Know Your Travel Policies
Thinking of taking out travel insurance? It may not be straightforward. NPR notes that regular travel insurance likely does not cover fears over viral outbreaks.
Instead, a CFAR (Cancel for Any Reason) policy would be necessary. Even then, you may find obstacles in the way. “A CFAR policy typically needs to be purchased within a couple of weeks from the time you booked your trip, it will usually only cover about 75% of your costs, and New York state does not allow residents to buy CFAR policies.”
Policies may vary depending on a range of factors including your age, trip length, etc. Double check the insurance contract before you buy to ensure it covers everything you want.
Airline or cruise companies may establish temporary refund/change fee policies based on travel health notices. Although, the CDC cannot intervene on your behalf and request them.
Even if the company you’re traveling with is not offering help with cancelations or flight changes, politely asking is still an option to try.
Take Recommended Precautions
There are still various steps to take in your everyday life to reduce risks of the virus.
Stay home when you are sick and wash your hands for at least 20 seconds. You should also avoid touching your face with unwashed hands are smart things to do anyway in your regular life. They are also invaluable precautions you can use to help prevent illness during an outbreak, especially when traveling.
See this advice from the CDC:
- Avoid close contact with those who are sick
- Do not touch your nose, mouth or eyes with unwashed hands
- Cover coughs or sneezes with a tissue, then immediately throw the tissue away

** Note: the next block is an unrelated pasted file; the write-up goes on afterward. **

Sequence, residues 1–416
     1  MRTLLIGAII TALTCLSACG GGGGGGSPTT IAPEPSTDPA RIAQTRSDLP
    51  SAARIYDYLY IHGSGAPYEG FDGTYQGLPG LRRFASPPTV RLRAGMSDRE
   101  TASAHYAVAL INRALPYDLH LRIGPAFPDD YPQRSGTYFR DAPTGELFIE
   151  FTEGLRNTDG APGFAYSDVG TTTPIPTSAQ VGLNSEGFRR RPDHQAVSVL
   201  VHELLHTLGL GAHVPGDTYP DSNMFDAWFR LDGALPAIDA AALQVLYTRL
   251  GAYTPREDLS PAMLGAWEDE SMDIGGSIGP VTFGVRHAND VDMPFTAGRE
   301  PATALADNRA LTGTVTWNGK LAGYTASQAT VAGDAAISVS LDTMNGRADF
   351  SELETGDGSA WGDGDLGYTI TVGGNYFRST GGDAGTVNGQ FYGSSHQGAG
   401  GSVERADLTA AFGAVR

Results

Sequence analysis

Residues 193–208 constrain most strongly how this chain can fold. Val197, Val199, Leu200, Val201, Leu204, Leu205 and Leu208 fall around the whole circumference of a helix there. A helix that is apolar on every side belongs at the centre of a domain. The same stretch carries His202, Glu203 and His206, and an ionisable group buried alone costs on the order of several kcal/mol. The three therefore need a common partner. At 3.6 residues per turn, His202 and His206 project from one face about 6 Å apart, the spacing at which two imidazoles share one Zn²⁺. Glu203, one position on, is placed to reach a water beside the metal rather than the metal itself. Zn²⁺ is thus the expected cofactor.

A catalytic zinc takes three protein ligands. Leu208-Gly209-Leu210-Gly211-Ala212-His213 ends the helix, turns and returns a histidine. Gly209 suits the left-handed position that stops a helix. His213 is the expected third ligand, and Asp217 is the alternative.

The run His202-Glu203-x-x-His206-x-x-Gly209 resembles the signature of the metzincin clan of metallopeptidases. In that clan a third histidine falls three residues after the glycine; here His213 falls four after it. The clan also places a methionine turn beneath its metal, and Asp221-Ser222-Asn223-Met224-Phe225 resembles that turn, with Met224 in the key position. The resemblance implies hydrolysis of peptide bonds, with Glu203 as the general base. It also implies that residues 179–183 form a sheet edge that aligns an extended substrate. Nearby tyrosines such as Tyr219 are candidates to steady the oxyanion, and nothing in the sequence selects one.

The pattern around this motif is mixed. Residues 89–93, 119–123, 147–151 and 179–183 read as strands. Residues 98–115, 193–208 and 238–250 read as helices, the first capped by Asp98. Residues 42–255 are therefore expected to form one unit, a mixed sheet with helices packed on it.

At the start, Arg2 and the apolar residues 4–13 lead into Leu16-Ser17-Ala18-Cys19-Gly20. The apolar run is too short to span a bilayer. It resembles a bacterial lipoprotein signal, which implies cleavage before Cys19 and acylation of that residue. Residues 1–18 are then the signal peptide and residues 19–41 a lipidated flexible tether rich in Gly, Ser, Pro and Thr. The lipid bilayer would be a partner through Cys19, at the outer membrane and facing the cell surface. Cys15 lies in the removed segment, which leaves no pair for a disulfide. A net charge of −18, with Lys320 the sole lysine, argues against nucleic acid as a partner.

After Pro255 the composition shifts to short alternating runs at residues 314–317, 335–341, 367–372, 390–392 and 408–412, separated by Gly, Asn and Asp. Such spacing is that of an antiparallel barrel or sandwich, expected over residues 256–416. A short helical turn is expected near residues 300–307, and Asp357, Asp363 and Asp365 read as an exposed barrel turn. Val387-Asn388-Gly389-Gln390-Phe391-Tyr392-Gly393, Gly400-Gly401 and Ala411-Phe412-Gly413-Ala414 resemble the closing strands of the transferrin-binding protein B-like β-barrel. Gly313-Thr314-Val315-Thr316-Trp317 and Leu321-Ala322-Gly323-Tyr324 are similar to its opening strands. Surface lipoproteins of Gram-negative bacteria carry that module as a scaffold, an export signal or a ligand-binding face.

- Clean/disinfect surfaces and items you touch often
- Wash your hands with soap and water thoroughly for at least 20 seconds. This is particularly key before eating, after going to the bathroom and after sneezing, blowing your nose or coughing.
- If you cannot easily use soap and water, use an alcohol-based hand sanitizer which contains 60-95% alcohol
- Stay home when you are sick
To exercise extra caution, be purposefully mindful of the many surfaces you touch outside your home. Elevator buttons, airline tray tables and other similar items can all carry bacteria.
Many businesses (including airlines) are likely using more rigorous cleaning schedules at the moment. But, it’s still useful to bring alcohol wipes to clean areas you have personal contact with – say your seat belt or armrest.
Your phone can also help spread viruses, so cleaning your device consistently with a disinfectant wipe or cloth is probably a good idea.
Seek Help If Needed
No one wants an illness to spoil sightseeing fun or important business, but if there’s a possibility you may be infected, take the necessary steps for the safety of both yourself and those around you. Contact a medical professional to help you determine your next course of action.
Don’t forget that even if you don’t experience any symptoms you may still be sick. Many COVID-19 patients presented as virtually asymptomatic or experienced the illness lightly, meaning they may have spread the disease to countless others without knowing. Remember, you may have unknowingly come into contact with an infection person.
Are you in need of more information to stay healthy while traveling? Wondering what vaccines or medications are available to reduce your risks of getting sick? Passport Health can help. Give us a call at , or book an appointment now and speak to a travel health nurse.
Written for Passport Health by Katherine Meikle. Katherine is a research writer and proud first-generation British-American living in Florida, where she was born and raised. She holds certification in Epidemiology for Public Health from Imperial College London on Coursera. Her passion for travel and love of writing go hand-in-hand.